> Believe it or not, there are still many Squid use cases where bumping is
> unnecessary. This includes, but is not limited to, HTTPS proxying cases
> with peek/splice/terminate rules and environments where Squid possesses
> the certificate issued by CAs trusted by clients. There are also IETF
> attempts to standardize transmission of encrypted but proxy-cachable
> content.
>
> I agree that Squid user base will shrink if nobody can bump 3rd party
> traffic, but that reduction alone will not kill Squid.
>
> Alex.

I would definitely disagree. Rich countries citizens always forget the fact
that high quality corporate leased lines and dedicated bandwidth *do* cost
so much that letting users *hide* their unwanted traffic behind the *4th
amendment* HTTPS is unaffordable.


Naturally, HTTPS standards were designed to hide traffic. I don't mind users
hiding traffic content, let users burn in hell with it, let them rejoice
with Dante!

What I do mind is hiding full URLs and/or MIME types. Give me any low cost
solution that would reliably expose those and hide anything else you want.
Otherwise, it is useless to start a business first place!

I mean, even with appliances like those from Sophos or others that claim to
have full control over traffic, it still remains an ugly guess work combined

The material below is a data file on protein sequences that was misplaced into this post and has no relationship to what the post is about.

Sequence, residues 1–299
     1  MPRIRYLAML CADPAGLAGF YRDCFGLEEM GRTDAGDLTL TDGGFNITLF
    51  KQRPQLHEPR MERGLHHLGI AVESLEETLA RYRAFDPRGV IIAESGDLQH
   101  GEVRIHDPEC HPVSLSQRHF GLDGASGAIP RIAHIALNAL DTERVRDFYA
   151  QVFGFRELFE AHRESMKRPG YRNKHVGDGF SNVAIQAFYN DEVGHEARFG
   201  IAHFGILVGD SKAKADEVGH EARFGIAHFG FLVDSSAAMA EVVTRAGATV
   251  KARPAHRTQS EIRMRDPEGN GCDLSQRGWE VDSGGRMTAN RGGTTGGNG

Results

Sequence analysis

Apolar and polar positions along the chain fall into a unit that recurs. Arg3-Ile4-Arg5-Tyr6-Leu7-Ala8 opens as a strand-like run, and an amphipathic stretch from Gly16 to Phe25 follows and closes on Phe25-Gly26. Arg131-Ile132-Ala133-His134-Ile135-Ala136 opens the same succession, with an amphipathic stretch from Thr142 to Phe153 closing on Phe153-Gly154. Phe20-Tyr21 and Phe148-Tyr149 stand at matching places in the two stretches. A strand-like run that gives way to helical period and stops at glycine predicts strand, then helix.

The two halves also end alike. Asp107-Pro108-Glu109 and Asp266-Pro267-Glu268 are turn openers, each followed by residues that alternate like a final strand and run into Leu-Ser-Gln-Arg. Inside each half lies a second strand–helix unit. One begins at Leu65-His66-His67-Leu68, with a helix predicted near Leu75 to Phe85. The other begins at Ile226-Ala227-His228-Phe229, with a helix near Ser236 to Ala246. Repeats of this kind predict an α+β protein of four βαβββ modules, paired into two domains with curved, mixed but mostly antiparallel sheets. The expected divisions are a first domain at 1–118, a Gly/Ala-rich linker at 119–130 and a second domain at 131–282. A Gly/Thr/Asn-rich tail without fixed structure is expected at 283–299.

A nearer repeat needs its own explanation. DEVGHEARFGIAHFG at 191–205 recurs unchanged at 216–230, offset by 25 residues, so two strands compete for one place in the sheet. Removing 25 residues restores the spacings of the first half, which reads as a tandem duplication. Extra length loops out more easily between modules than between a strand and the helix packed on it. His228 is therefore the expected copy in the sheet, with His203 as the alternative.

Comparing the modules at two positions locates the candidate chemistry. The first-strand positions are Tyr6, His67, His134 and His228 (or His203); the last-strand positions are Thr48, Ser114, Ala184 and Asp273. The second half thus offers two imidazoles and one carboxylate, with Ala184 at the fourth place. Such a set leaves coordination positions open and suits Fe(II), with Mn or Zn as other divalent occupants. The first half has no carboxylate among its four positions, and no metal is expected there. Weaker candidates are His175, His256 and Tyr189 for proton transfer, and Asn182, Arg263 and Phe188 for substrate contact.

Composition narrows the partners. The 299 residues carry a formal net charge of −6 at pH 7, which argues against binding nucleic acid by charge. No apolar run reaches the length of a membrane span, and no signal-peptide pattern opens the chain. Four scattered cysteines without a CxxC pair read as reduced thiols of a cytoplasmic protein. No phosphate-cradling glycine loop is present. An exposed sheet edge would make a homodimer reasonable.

with an admin nightmare who then must block each and every category of
unwanted traffic!

Unless the protocol design changes to expose full URLs and/or MIME types,
nothing will replace Squid Bumping.

That being said, we are headed to the vortex by 2018.05.01. Let's drown
together, while we yell and curse at Google!

MK



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Re: Certificate transparency: problem for ssl-bumping, no effect, or?

Alex Crow-2

> Unless the protocol design changes to expose full URLs and/or MIME types,
> nothing will replace Squid Bumping.
>
> That being said, we are headed to the vortex by 2018.05.01. Let's drown
> together, while we yell and curse at Google!
>
> MK
>
>
>

Erm, can someone elucidate the issue here? Can't see anything about this
in the last year of mails from this list ;-)

Alex


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Re: Certificate transparency: problem for ssl-bumping, no effect, or?

MK2018
This post was updated on .
Alex Crow-2 wrote
>> Unless the protocol design changes to expose full URLs and/or MIME types,
>> nothing will replace Squid Bumping.
>>
>> That being said, we are headed to the vortex by 2018.05.01. Let's drown
>> together, while we yell and curse at Google!
>>
>> MK
>>
>>
>>
>
> Erm, can someone elucidate the issue here? Can't see anything about this
> in the last year of mails from this list ;-)
>
> Alex
>
> -


:D :D Sure thing, here it is:
https://aws.amazon.com/blogs/security/how-to-get-ready-for-certificate-transparency/

I had to know from AWS, otherwise I would have been terrorized on May 1st
all the sudden, just like how Google does it each time.

Chrome is most probably going to spit fire at all non-CT-Logged CA
certificate. Naturally, 99% of Squid-Bumping feature users use self-signed certs
(or otherwise own all real CAs in the world and still violate CA rules), so
they will end up getting into war with all Chrome users (which is basically like 80% of users).

Hope that clears it up!



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Re: Certificate transparency: problem for ssl-bumping, no effect, or?